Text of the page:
Egypt’s president holds talks with Iran’s vice president
CAIRO — Signaling a new era in Egypt’s diplomacy, President Mohamed Morsi met withIran’s vice president Wednesday in the highest-level official contact between the two strategic nations in decades.
Morsi’s visit with Hamid Baghaei gave Iran a diplomatic coup amid sharpening international pressure over its nuclear program and links to Syria. It came as Egypt’s new Islamist president looks to gradually reshape the pro-American policies of toppled leader Hosni Mubarak to reflect political shifts brought by the"Arab Spring” revolts.
The brief meeting in the Egyptian capital did not produce any breakthroughs, but it was symbolic. Formal relations between the two countries were broken after the Iranian Revolution and Egypt’s 1979 peace treaty with Israel. Mubarak had rebuffed Iran’s efforts in recent years to restore full diplomatic ties, although lower-level talks between officials were occurring.
Baghaei’s stopover came at a pivotal time for both nations regarding Israel. Israel has suggested it might attack Iran’s nuclear program, which it believes is aimed at developing a bomb and which Tehran says is purely for civilian purposes. Cairo is under pressure from Israel and the United States to improve security in the Sinai peninsula after recent attempts by militants to infiltrate Israel.
Egyptian forces said airstrikes killed about 20 suspected extremists early Wednesday after militants ambushed a string of army checkpoints. The state news agency reported that soldiers, backed by helicopter gunships, targeted “terrorist hotbeds” in El Arish and around the Rafah border crossing into the Gaza Strip.
The deterioration of security in the Sinai prompted Morsi to fire Egypt’s intelligence chief and the governor of North Sinai. The shake-up also included Morsi asking Defense Minister Mohamed Hussein Tantawi to dismiss the commander of the nation’s military police, which has been criticized for human rights violations and crackdowns on democracy activists.
It is unlikely that Sunni Muslim-dominated Egypt’s relationship with Shiite Muslim-controlled Iran will change significantly in the short term. The secular Egyptian military, which receives about $1.3 billion in U.S. aid, holds considerable power over security and foreign policy in Egypt. Morsi has promised that Cairo will honor international treaties, including its peace deal with Israel.
Morsi, a conservative Islamist who ran as a candidate for the Muslim Brotherhood, has also been careful not to strain relations with Sunni Persian Gulf countries that have accused Iran of instigating Shiite Muslim protests in Bahrain and in eastern Saudi Arabia.
The Saudi monarchy had strong bonds to Mubarak and has long been suspicious of the Brotherhood’s Islamist populism. Morsi’s first international trip as president was to Riyadh, the Saudi capital. Saudi Arabia holds billions of dollars in potential aid for Cairo, which is facing shortages of electricity and water and dwindling foreign financial reserves.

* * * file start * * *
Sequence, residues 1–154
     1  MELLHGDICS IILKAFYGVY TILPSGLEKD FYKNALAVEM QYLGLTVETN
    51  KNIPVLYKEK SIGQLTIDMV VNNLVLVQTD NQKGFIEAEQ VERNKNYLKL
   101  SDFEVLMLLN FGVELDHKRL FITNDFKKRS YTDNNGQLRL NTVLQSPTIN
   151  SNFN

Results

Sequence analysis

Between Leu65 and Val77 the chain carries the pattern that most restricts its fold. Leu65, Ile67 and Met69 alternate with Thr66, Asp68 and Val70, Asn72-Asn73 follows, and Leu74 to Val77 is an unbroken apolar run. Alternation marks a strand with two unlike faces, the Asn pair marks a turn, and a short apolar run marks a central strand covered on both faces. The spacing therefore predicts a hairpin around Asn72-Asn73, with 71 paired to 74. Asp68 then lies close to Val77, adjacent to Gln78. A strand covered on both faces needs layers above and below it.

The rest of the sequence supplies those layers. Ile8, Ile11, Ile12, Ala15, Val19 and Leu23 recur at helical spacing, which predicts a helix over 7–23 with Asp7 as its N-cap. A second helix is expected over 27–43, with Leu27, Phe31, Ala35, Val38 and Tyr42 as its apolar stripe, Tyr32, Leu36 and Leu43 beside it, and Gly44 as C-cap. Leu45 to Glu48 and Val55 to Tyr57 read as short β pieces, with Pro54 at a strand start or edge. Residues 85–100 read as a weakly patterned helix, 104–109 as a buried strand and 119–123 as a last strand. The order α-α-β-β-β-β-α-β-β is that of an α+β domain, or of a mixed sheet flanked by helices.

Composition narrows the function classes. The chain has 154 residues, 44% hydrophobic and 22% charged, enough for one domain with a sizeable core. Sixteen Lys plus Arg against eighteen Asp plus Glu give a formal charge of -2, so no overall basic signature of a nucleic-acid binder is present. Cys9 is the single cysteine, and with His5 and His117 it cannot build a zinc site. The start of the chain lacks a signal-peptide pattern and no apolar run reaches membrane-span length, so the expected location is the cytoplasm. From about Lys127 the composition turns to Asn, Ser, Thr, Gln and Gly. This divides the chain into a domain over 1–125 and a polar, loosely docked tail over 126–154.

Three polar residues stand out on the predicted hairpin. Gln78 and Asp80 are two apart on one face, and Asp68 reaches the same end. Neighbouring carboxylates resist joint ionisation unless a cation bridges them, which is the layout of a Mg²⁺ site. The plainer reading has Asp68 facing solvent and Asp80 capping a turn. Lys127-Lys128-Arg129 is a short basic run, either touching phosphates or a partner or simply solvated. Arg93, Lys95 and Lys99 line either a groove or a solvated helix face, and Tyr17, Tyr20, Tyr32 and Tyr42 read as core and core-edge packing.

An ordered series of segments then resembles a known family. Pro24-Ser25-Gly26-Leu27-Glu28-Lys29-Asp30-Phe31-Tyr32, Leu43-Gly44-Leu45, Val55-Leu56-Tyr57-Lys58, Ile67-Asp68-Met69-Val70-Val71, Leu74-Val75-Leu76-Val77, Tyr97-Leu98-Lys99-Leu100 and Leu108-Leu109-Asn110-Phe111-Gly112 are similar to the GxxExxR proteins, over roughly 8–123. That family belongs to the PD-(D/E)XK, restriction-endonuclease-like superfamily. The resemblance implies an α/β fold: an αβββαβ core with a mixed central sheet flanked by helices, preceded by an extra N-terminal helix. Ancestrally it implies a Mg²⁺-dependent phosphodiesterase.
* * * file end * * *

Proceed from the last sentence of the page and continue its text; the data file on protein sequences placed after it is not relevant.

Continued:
“The U.S. would not be happy if Egypt improved relations with Iran; neither would the gulf countries,” said Emad Gad, an analyst at Al Ahram Center for Political and Strategic Studies in Cairo. “Morsi does not have it in him at this point to defy these strategic allies, especially since he needs their support and aid.”
Iran has hailed Morsi’s presidency as Egypt’s “Islamic awakening.” It has turned to Cairo as Iran’s regional stature is under duress from economic sanctions and political upheavals that have reconfigured the Arab world.
Syrian President Bashar Assad, Iran’s reliable proxy, has been weakened by months of protests and bloody insurgency. If Assad is overthrown or relinquishes power, Tehran could lose an ally in its maneuverings in Lebanon and the Gaza Strip, which is governed by the militant group Hamas.
The Muslim Brotherhood, which inspired the founding of Hamas, has been urging closer relations with Iran. But many Egyptian clerics have been opposed to strengthening ties given the historical animosity between Sunnis and Shiites.
Baghaei’s mission in Cairo was to invite Morsi to a meeting of the Non-Aligned Movement this month in Tehran. The visit was preceded by controversy in June when Iran’s Fars News Agency reported that Morsi was keen to improve relations with Tehran. Morsi denied that he had ever spoken to the agency and his office said the president had not committed to the NAM summit.
Morsi faced more pressing problems Wednesday as the Egyptian military expanded into the Sinai in an offensive dubbed Operation Eagle. The airstrikes against the militants, the first by Egyptian forces in the peninsula since the 1970s, indicated Cairo was moving to restore stability to the lawless desert region.
The government said a joint police-military operation would “regain control” over militants who have grown bolder in the region of arms traffickers and people smugglers. On Sunday, 35 masked gunmen attacked an outpost on the Egypt-Israel border, killing 16 Egyptian guards. The militants hijacked two vehicles and drove toward Israel, where one of the vehicles was hit by an Israeli missile.
The trouble in the Sinai has led to new calls for a wider Egyptian military presence. Under the 1979 peace treaty, much of the region was designated as demilitarized. Before Mubarak was toppled early last year, Egypt increased the number of lightly armed troops in the region.
Special correspondent Reem Abdellatif contributed to this report.
Must-read stories from the L.A. Times
Get all the day's most vital news with our Today's Headlines newsletter, sent every weekday morning.
You may occasionally receive promotional content from the Los Angeles Times.